Now that MDN has been officially unveiled, visitors can see content divided into four main developer categories: Web, Mobile, Add-ons, and Applications. Mozilla feels that these represent distinct and (for the most part) non-overlapping segments of the development community. Each section presents targeted content drawn from official Mozilla documentation, curated news articles and blog entries from external sites, and links to specific software projects. There is some variation between the sections; Mobile, for example, includes both "Favorite" and "Recent" article categories, and the Add-ons section includes a "Latest Comments from Our Community" box not found elsewhere, which suggests that the MDN platform is still evolving.
The Add-ons and Applications sections encompass most of the
documentation content that was previously featured at MDC. For add-on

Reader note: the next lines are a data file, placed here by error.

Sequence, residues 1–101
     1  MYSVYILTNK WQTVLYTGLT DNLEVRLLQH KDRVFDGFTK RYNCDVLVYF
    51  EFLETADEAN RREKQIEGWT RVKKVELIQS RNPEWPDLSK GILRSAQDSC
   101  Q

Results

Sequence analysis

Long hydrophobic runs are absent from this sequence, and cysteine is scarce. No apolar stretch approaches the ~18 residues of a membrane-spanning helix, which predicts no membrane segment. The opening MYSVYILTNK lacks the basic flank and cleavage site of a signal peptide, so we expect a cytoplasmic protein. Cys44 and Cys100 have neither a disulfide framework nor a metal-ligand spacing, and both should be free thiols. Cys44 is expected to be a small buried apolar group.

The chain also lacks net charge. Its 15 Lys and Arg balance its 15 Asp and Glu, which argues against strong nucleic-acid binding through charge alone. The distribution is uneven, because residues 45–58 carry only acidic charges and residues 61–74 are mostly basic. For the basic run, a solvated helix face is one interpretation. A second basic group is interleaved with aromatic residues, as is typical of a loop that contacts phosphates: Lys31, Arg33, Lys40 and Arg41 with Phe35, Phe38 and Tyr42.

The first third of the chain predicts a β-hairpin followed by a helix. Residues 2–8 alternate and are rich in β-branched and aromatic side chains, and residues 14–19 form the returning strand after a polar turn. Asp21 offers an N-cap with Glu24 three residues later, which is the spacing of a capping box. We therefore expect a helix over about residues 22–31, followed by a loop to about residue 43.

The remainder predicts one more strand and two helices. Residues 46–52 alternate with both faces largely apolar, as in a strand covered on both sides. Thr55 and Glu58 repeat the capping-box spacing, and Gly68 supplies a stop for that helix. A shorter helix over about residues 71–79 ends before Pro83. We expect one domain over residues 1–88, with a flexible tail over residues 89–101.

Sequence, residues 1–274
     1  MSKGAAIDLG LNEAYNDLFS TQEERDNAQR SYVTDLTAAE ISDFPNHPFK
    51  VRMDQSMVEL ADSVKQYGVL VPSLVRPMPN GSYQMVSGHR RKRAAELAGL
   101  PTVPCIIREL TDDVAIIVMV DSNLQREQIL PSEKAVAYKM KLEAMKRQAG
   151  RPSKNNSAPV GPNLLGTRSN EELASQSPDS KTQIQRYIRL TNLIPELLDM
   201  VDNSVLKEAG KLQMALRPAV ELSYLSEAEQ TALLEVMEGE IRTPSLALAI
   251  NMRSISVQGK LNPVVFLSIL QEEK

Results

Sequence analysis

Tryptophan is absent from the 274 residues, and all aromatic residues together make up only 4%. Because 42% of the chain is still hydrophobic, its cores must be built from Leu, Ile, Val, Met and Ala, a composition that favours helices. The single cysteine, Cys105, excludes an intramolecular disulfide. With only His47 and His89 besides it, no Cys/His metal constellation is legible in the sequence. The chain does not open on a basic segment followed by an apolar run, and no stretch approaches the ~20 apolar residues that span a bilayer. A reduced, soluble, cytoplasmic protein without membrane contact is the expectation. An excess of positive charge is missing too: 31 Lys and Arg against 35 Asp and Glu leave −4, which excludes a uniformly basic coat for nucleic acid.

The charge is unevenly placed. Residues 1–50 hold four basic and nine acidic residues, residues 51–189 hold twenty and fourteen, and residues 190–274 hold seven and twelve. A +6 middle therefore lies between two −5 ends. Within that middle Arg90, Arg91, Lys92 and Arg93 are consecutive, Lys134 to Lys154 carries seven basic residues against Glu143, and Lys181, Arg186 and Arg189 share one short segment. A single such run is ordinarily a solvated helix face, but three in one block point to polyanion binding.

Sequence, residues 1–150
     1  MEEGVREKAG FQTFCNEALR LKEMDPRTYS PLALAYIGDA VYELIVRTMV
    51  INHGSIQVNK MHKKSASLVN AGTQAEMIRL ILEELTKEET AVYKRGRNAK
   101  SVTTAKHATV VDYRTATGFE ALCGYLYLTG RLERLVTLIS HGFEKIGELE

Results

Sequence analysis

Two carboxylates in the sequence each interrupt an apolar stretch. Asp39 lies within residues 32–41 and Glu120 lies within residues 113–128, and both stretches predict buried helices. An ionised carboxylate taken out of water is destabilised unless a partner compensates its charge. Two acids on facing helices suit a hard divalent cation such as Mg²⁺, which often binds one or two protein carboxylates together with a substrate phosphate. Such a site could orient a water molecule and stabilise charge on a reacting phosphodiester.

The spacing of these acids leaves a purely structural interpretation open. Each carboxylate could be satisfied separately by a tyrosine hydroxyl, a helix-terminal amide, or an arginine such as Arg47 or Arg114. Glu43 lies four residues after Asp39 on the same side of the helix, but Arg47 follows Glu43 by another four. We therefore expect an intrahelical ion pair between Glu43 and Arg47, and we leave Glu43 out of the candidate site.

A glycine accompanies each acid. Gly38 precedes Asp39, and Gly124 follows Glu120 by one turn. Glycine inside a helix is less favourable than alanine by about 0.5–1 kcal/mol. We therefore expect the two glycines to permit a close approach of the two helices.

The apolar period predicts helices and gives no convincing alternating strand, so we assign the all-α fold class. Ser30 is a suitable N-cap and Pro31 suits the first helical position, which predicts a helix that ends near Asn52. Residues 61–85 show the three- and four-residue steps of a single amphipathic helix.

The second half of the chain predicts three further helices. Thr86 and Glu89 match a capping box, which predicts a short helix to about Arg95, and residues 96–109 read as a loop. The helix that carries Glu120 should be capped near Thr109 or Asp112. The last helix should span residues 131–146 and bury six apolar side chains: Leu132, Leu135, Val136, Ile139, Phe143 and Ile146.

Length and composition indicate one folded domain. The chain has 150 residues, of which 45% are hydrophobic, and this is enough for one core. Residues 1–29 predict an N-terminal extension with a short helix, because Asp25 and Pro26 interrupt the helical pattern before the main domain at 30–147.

developers, there are references and tutorials for the major APIs and
languages, case studies for extensions, plugins, and other add-ons, along
with validation and packaging help. The Application section provides an overview of the Mozilla platform, as well as guides to the tools related to building Mozilla-derived projects, including Bugzilla, Mercurial, Bonsai, Talkback, and other utilities.
The Mobile section focuses not only on Mozilla's Firefox Mobile browser, but also on developing location-aware web and mobile applications, and on using Mozilla technologies for other mobile software. A prime example of the latter is Mozilla's own Firefox Home application for the Apple iPhone, which is an iOS program that connects to Mozilla's Sync service.